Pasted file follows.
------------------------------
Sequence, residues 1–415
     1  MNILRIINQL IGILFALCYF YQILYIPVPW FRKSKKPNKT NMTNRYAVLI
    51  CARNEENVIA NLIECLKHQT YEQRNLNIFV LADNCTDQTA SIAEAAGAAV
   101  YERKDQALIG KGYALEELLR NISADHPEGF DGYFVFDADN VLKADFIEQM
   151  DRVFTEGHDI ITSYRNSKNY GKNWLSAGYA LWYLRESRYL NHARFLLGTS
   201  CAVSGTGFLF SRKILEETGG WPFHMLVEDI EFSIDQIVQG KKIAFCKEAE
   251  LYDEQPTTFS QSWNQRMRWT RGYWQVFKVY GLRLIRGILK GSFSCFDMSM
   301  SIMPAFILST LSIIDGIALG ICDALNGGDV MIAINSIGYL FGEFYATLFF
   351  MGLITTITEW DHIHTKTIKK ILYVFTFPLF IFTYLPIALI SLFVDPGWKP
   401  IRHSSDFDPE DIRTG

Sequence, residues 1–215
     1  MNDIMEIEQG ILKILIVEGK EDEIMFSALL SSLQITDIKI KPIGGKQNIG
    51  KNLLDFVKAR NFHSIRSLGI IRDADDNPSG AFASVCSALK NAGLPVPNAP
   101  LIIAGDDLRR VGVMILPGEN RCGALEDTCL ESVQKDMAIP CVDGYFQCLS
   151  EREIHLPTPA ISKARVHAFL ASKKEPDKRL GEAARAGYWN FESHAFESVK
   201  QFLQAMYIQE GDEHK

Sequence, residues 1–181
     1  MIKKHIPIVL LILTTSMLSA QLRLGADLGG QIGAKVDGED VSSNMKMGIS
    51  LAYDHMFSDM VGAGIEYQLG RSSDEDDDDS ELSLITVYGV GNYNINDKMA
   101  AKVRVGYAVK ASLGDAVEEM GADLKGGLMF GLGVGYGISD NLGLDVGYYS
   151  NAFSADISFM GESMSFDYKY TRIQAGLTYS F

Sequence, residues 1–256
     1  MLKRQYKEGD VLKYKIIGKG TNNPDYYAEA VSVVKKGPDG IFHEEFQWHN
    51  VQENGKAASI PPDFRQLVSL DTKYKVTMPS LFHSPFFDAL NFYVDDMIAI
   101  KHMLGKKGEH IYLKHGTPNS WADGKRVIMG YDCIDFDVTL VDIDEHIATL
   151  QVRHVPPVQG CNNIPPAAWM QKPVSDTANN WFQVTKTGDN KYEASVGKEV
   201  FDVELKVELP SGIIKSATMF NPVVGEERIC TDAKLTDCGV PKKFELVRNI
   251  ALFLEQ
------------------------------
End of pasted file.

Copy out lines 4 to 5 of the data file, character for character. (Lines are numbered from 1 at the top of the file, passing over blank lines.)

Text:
   101  YERKDQALIG KGYALEELLR NISADHPEGF DGYFVFDADN VLKADFIEQM
   151  DRVFTEGHDI ITSYRNSKNY GKNWLSAGYA LWYLRESRYL NHARFLLGTS